Tender Roots, Bulbs, and Plants
- Dig up and store tender bulbs including dahlias.
- Bring tropical and other tender plants inside (including non-hardy succulents, potted fig trees, and zonal geraniums).
- Take sweet potato vine cuttings and tomato cuttings and geranium cuttings for indoor growing.
Mulch, Leaves, Compost, and Cover Crops
These are the things that feed and protect our soil. Fall leaves gradually decompose and enrich the soil. Don’t get rid of them!
- Use mulch, leaves, and cover crops to protect and enrich your soil.
- Leaves are also great for the compost bin, providing carbon/browns to balance the greens/nitrogen suppliers. If you are not convinced, see 5 ways fall leaves benefit your garden.
- I keep my compost bins going year-round. See Easy Winter Composting for tips.
Fall is the time to prune any dead, damaged, or diseased branches you may have missed in the summer. Others (like apple trees) need late-winter care, and the rest can wait until you’re tidying up in the spring.
Let Nature Be
Avoid the temptation to ‘clean up’ dead or decaying perennial growth and seed pods.
These provide essential food and habitat for all of the living things in our gardens including bees, butterflies, birds, other insects, and microbes.
Unless dangerous, diseased, pest-infested, or invasive, leave everything until late spring, and then make room for new growth.
2Grow Fall and Winter Veggies
Growing vegetables in the fall and winter is not critical, but it’s sure nice.
One of the keys to successful winter food growing is to start the crops late summer or early fall so the roots are well-established before the cool weather sets in.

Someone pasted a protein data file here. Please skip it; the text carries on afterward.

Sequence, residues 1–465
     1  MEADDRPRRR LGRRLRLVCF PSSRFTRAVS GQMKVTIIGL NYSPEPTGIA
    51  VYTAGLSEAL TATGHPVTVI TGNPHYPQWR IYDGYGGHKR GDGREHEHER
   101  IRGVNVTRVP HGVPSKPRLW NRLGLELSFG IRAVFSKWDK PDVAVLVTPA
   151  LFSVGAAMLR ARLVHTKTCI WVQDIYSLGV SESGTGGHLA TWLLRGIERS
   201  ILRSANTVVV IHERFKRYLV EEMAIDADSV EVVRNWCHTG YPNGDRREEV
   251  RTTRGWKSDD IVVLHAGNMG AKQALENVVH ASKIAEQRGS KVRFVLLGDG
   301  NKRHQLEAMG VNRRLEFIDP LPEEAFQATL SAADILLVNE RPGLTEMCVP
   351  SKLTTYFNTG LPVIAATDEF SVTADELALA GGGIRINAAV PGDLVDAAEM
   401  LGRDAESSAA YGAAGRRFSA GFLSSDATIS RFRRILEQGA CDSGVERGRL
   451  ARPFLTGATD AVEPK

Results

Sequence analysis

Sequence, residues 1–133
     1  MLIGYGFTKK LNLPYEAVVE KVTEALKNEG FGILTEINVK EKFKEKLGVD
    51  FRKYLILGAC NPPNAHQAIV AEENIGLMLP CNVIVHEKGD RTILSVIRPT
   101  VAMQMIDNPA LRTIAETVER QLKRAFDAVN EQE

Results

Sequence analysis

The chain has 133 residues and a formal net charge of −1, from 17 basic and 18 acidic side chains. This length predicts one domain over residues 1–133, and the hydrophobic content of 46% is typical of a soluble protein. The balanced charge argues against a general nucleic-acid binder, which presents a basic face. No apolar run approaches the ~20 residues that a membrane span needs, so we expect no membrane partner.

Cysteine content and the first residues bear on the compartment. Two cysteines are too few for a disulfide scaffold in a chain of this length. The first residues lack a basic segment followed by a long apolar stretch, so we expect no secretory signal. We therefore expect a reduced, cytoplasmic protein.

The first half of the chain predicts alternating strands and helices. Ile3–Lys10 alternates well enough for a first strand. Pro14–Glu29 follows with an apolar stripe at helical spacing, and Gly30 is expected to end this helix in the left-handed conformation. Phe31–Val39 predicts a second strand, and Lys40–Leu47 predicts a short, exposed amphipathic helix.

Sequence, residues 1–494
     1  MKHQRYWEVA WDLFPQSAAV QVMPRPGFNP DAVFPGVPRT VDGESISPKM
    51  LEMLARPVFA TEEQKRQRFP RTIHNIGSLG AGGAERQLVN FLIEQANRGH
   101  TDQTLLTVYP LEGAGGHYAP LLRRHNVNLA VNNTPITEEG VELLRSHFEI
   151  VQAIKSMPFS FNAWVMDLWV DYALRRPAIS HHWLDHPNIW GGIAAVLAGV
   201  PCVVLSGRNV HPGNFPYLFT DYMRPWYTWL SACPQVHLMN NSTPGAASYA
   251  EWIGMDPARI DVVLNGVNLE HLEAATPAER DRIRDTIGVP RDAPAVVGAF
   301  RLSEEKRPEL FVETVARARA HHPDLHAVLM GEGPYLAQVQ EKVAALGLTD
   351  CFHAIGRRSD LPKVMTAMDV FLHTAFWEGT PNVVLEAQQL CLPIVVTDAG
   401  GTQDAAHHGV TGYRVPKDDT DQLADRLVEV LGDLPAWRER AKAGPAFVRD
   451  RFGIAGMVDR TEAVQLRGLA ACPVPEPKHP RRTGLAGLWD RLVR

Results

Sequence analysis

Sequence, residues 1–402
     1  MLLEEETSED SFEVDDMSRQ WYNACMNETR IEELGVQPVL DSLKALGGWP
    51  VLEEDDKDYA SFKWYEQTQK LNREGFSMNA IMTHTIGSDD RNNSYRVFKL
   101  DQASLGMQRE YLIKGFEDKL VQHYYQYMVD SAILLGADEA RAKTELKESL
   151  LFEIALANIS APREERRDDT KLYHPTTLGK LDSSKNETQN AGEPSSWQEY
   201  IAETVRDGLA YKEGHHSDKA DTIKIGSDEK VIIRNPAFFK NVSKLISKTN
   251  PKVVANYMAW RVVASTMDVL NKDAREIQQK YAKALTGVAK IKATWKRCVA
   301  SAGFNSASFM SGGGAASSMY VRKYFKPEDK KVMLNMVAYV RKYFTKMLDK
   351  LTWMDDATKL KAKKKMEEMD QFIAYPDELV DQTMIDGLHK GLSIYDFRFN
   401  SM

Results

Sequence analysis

Plus, many cool-tolerant crops taste sweeter after a frost.
- Fall Vegetable Gardening 101
- 20 Vegetable Seeds to Sow Mid-Summer
- 20 Fast-Growing Vegetables Ready in 4 to 6 Weeks
- How to Grow Vegetables in the Winter
- Cold storage 101: Food Preservation Tips
Also consider growing cover crops to protect and enrich bare soil during the winter months.
Want More Flowers Before Winter? You may have time to sow these 17 quick-growing flower seeds.
3Give Your Spring Garden a Jump Start
There are many flower seeds and, of course, spring bulbs that require fall planting.
6+ Weeks Before Frost
- Sow fall veggies and herbs.
- Plant trees and shrubs. Also see When is it too late to plant trees in fall?
- Divide/move late-spring flowering perennials (coneflowers, hostas, black-eyed Susans). Leave the seed heads for the birds.
- Last call for rooting hardwood cuttings. You can store them outdoors over the winter.
- Got decorative potted mums? Try planting them now for flowers next year.
- Harvest fruit, nuts, & veggies. If you have late tomatoes, you may be able to ripen them indoors.
Month Before Frost
- Plant flower seeds for spring, flowering bulbs, and quick-growing veggies plus garlic.
- Use winter-hardy tags to mark plants.
- Collect flower seeds including milkweed, zinnia, and sweet pea. | When the birds start eating them, it’s time to save them—but leave some for them.
- Save vegetable seeds including heirloom tomato seeds.
- Harvest winter squash and cure it before first frosts.
- Cut grass, but not too short. Lots of insects will live in there during the winter.
- Use mulched leaves and grass clippings to improve soil.
- Also keep bags of leaves to add to your compost pile (see Composting 101): you need lots of carbon/browns to balance your greens/nitrogen suppliers.
- Planning an early spring vegetable garden? You can prepare them now with compost and (optional) cover crops.
- 20 Flowering Bulbs to Plant in Fall
- 20 Spring-Flowering Bulbs That Feed Pollinators
- 25 Flower Seeds to Sow in Fall
- Plants to Divide and Transplant in Fall
Phew! That’s lots to do but again, protect your wares and best plants and leave the rest if you run out of time.
Free Fall Garden Checklist
Shop for Seeds: Botanical Interests Flower Seeds to Sow in Fall (US)
Shop for Bulbs: Eden Brothers (US) | Look for pollinator-friendly options to plant in fall.
If you are in Canada, I have seed company listings here.
~Melissa the Empress of Dirt ♛